Harley Davidson Resources Capabilities

This article attempts to answer the following questions:
Q1. What are the resources and capabilities of Harley-Davidson? And how do they grant the firm competitive advantage to compete in the motorcycle industry? -Harley-Davidson Resources Capabilities
Q2/ How effectively Harley Davidson’s strategy is implemented and how the firm exploit its key strengths while protecting itself from its key weaknesses?
Q3. What threats to its continuing success does Harley Davidson face, and how should it respond to current & future challenges?

Case study source: Robert M. Grant.  Contemporary Strategy Analysis.

Harley Davidson’s Resources, Capabilities, Strategy and Threats

Resources have been defined as inputs into the production process (Grant, 1991) and as the productive assets owned by the firm (Grant, 2016). Based on these definitions, resources are basically what the firm has and that it can use to create value. Resources can be tangible, intangible, or human as noted by Grant (2016). Tangible resources are resources that can be touched, such as financial resources (like cash, securities, and borrowing capacity) and physical items (like land, plant, equipment and mineral reserves). Intangible resources are resources that cannot be touched and include such things as reputation (brand and relationships), position, technology (such as patents and copyrights) and culture. Human resources include skills or know-how and productive effort offered by the firm’s employees (Grant, 2016). It also includes motivation and capacity for communication. It is worth noting that the firm does not own its workers but it purchases their services through employment contracts. On their own, or in combination with other resources to form capabilities, resources can be sources of competitive advantage (Edwards, 2014).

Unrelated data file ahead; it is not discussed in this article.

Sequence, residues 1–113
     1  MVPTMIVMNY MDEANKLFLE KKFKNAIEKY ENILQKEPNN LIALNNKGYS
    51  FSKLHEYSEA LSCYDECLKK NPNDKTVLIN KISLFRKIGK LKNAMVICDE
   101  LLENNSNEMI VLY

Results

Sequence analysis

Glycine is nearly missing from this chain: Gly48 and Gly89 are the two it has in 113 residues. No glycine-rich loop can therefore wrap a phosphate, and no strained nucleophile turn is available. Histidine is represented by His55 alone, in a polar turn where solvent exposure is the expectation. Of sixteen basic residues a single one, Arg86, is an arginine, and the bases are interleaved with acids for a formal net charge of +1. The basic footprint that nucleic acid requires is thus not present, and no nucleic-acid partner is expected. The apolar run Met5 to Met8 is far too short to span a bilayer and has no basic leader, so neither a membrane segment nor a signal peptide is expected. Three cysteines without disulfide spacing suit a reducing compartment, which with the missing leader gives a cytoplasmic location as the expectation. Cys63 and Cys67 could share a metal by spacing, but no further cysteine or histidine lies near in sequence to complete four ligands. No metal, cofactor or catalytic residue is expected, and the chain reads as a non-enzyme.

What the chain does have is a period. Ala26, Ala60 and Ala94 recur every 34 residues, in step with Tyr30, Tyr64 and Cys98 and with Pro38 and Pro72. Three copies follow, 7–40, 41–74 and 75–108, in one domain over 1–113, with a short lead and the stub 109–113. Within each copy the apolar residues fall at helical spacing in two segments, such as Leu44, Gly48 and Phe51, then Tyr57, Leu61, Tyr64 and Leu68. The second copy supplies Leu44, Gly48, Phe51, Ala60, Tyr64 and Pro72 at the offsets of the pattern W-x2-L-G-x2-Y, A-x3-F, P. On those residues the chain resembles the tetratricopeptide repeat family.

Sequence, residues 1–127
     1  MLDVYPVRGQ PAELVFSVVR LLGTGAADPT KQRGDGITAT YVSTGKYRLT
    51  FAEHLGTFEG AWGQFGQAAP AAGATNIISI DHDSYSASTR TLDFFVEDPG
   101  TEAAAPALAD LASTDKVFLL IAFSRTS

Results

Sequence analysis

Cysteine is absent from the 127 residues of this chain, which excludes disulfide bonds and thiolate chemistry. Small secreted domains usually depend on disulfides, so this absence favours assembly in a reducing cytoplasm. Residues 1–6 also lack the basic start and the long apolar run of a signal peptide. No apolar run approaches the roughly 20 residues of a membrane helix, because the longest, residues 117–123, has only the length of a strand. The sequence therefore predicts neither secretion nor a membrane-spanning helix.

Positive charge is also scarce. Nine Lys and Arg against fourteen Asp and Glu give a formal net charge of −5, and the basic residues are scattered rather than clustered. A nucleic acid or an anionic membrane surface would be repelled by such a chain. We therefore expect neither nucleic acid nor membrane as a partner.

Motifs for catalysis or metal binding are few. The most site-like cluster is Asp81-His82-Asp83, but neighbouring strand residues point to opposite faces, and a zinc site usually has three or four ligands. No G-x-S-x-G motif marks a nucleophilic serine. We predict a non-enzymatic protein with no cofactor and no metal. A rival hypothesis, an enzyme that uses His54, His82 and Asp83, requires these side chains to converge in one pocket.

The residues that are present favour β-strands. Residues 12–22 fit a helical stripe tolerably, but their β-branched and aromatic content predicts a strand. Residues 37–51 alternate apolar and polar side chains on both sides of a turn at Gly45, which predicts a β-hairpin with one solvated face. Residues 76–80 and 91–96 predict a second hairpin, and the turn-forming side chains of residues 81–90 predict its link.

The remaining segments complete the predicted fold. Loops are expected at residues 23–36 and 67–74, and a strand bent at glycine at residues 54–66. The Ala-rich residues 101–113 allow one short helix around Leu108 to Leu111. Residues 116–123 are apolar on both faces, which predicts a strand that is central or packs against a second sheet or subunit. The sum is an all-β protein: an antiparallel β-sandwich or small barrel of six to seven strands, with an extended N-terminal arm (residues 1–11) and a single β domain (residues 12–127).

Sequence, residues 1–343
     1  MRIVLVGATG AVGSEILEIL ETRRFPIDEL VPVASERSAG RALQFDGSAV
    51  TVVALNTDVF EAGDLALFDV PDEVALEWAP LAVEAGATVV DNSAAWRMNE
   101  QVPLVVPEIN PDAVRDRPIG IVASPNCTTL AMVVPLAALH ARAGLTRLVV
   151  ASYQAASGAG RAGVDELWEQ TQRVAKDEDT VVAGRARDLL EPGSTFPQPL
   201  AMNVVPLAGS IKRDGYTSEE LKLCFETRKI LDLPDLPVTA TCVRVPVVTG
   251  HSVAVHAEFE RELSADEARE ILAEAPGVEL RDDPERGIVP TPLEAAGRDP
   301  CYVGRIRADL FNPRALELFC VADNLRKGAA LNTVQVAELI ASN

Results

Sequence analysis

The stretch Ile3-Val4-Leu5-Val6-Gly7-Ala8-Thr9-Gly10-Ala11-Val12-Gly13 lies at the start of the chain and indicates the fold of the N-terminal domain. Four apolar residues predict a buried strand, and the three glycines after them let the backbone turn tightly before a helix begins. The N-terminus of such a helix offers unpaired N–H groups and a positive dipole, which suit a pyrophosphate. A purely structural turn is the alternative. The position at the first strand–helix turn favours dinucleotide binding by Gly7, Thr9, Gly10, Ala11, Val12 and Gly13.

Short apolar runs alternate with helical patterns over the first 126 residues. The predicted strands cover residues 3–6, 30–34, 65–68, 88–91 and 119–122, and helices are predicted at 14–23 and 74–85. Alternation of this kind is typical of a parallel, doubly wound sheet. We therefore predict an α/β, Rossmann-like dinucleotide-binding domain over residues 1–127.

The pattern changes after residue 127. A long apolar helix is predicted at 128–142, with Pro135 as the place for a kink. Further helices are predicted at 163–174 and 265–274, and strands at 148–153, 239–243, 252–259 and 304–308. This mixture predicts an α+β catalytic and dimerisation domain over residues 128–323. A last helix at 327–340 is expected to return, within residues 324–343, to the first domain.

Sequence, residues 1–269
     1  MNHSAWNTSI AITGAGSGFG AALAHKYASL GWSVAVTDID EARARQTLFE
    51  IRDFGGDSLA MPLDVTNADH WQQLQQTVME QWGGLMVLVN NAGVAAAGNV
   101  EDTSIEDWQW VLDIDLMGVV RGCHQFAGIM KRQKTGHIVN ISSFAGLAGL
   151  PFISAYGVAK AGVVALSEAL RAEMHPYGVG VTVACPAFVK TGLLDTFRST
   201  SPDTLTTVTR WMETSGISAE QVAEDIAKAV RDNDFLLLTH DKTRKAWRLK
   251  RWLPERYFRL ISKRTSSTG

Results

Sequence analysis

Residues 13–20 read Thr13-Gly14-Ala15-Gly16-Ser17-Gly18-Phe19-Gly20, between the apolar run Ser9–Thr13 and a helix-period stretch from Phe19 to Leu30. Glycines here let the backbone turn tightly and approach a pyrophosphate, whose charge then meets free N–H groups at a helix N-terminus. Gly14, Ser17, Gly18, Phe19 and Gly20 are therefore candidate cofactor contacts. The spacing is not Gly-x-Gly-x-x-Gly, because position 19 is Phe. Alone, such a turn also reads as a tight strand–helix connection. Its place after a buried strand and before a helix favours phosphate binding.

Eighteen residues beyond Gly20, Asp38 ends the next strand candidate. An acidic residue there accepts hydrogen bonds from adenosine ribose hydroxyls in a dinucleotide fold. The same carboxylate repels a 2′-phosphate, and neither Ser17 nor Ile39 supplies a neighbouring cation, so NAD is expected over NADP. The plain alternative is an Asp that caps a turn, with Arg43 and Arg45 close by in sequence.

An analysis of the internal environment of Harley-Davidson reveals that the firm has numerous resources. One of the resources the company has is its brand. In this regard, Harley-Davidson has a good reputation which has greatly contributed to its success in the market (Grant, 2016) … continue

According to Grant (2016), strategy is concerned with matching company’s resources and capabilities to the opportunities that emerge in the external environment. While in agreement with this notion, David (2011) notes that although a strategy can be good or effective, its implementation can be poor or ineffective. Harley-Davidson sought to achieve competitive advantage and higher sales by developing and implementing several strategies. One of Harley’s key strategies was that it sold a unique Harley-Davidson experience rather than motorcycles (Grant, 2016). … continue

Based on Porter’s five forces model, factors such as bargaining power of supplies, bargaining power of buyers, threat of substitutes, and the threat of new entrants can threaten the success and profitability of a business (Mille, et al. 2011; Porter, 2017). Harley faces the threat of new entrants such as witnessed in the entry of Excelsior, Polaris (Victory), and Indian into the motorcycles market. These and other new entrants have the potential to eat into Harley’s market share in different markets, thereby reducing the company’s sales and profitability. … continue

Harley Davidson Resources Capabilities